My father silently chewed on his lower lip as we drove toward the territory. I could tell that something was definitely on his mind and he seemed troubled. I asked if he was feeling OK. I suggested that he might want to stop and get a cup of coffee before we started knocking on doors. He denied that anything was wrong, but agreed that a cup of coffee might do him some good.

One of our favorite little coffee shops was on the way. I’m not much of a coffee drinker. And when I do have a cup, I put so much sugar and creamers in it that I can barely taste the coffee itself. Then I find myself totally “wired” all day. But for some reason, I felt today was definitely a day when a coffee break was needed.

We sat at a little table off in a corner while we had our coffee and shared a cinnamon roll. Dad looked at me and then surprised me with “What do you think about going back to school? You always got decent grades in high school, and…” he paused, “I was wondering if you had any plans about going to college?”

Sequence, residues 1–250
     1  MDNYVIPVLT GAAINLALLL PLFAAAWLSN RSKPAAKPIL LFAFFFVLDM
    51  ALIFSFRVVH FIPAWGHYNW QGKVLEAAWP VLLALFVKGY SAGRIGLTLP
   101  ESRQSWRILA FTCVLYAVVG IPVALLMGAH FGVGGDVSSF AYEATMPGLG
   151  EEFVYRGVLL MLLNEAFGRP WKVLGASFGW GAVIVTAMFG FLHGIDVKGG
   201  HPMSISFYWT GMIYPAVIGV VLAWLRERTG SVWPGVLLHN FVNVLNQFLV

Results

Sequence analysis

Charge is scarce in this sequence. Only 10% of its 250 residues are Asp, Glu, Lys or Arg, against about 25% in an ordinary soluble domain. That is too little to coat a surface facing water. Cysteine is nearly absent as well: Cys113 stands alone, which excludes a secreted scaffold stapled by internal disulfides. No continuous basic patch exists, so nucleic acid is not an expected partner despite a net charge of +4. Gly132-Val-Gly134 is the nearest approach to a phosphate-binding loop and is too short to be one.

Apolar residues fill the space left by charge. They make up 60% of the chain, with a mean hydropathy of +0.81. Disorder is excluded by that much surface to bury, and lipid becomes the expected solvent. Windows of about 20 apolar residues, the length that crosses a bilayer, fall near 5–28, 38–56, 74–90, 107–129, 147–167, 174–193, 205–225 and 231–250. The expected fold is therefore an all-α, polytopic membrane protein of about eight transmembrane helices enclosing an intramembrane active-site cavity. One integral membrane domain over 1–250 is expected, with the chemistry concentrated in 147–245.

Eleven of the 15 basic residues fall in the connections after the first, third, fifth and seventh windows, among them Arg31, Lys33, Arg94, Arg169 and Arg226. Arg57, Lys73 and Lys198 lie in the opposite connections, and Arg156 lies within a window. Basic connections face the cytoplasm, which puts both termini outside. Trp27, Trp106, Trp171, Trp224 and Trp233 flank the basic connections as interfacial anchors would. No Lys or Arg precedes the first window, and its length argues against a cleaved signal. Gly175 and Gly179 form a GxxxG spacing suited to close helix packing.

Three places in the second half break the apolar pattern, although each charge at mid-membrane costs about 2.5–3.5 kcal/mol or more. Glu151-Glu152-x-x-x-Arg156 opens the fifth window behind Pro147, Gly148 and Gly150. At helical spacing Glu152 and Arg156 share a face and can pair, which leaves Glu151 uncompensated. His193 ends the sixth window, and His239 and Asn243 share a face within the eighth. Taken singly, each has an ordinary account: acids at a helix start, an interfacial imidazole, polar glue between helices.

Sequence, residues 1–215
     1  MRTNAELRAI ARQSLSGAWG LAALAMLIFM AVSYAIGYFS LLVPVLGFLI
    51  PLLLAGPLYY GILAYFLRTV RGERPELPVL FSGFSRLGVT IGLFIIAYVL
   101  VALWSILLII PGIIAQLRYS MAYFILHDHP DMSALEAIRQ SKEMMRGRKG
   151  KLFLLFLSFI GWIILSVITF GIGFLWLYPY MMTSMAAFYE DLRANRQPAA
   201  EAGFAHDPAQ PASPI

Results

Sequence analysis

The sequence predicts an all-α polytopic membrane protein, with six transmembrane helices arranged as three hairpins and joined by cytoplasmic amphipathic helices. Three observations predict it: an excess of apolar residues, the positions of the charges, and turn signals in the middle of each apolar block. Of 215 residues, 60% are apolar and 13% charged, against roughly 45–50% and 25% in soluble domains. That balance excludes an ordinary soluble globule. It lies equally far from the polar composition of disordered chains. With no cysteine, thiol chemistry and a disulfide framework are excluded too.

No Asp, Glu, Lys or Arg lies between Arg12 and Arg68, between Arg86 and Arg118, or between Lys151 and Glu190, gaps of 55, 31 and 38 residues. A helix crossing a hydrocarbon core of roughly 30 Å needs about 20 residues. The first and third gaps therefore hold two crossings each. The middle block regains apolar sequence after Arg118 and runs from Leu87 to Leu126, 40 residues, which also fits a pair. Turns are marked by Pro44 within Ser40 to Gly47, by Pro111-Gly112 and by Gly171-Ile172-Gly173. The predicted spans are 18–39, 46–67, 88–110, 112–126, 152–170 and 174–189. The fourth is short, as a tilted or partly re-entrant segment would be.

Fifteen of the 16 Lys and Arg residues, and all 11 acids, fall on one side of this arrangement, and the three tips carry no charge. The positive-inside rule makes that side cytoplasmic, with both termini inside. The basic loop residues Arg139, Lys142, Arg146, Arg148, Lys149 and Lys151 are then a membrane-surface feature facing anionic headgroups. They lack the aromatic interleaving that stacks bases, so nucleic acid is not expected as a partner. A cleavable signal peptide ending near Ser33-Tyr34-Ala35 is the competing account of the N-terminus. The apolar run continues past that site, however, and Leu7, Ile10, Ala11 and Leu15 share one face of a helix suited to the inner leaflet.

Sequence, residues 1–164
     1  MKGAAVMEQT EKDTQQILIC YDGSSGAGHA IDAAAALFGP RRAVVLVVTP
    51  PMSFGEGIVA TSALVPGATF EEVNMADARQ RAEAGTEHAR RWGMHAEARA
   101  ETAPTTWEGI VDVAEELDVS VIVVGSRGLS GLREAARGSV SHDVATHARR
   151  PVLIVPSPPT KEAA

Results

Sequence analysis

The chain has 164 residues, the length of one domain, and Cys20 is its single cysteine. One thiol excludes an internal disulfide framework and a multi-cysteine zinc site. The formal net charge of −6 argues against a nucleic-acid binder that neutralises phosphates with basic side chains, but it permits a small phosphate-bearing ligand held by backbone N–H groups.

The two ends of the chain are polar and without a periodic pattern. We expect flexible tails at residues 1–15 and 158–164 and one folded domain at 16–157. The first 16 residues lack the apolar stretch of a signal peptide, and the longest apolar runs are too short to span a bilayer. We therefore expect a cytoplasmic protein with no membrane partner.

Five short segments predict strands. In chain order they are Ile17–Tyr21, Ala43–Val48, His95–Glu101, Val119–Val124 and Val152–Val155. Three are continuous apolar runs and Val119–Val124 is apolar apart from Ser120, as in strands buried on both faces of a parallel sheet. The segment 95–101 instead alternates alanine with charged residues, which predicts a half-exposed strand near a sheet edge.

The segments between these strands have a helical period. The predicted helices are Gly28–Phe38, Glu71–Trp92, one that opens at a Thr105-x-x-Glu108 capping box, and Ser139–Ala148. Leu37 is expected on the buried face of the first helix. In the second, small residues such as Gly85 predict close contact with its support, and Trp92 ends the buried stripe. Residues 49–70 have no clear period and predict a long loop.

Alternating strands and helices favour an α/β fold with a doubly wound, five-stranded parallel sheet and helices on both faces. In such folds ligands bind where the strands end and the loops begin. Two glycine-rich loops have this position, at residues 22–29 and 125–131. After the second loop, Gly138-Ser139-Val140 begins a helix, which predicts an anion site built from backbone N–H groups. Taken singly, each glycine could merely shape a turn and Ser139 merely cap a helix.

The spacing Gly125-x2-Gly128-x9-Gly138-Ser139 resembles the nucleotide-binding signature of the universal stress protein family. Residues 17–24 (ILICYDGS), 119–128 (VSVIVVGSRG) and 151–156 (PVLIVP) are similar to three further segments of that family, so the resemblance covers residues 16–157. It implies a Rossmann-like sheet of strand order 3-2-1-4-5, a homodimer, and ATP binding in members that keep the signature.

“Gee, I don’t know, Dad,” I answered. “I haven’t really thought too much about it because I know the Society frowns on anyone going to college – especially a 4-year school. I don’t want to get into any trouble at the Kingdom Hall. After all, you’re an elder – I don’t want you to get into trouble either.”

Dad was deep in thought as he gazed over my head, watching people pass by the window of the coffee shop. He’d start to say something, but failed to form any words. I worried that he was going to tell me he had cancer or that my mother had some terrible disease. “Dad – what is wrong? Are you OK? Is everything OK?”

That’s when he told me that he was in mental turmoil. As an elder, he should have a strong faith in Jehovah and the Society, and set a good example as a faithful Witness. “Look, son – I’m having some doubts about things – mostly Watchtower teachings. I guess you know what that means and the problems that could cause our family, right?”

I was shocked. My dad having doubts? My dad? I had no idea. I sat silent as he tried to find ways to tell me how he felt and what exactly was bothering him.

“I’m not sure that the Governing Body and the rest of the Society are right about everything. I sometimes find it hard to believe that they are really being guided by Jehovah’s Holy Spirit. I have real problems with a few things they are doing and teaching right now.”

“Why are you telling me this now? How long have you felt this way?” I asked.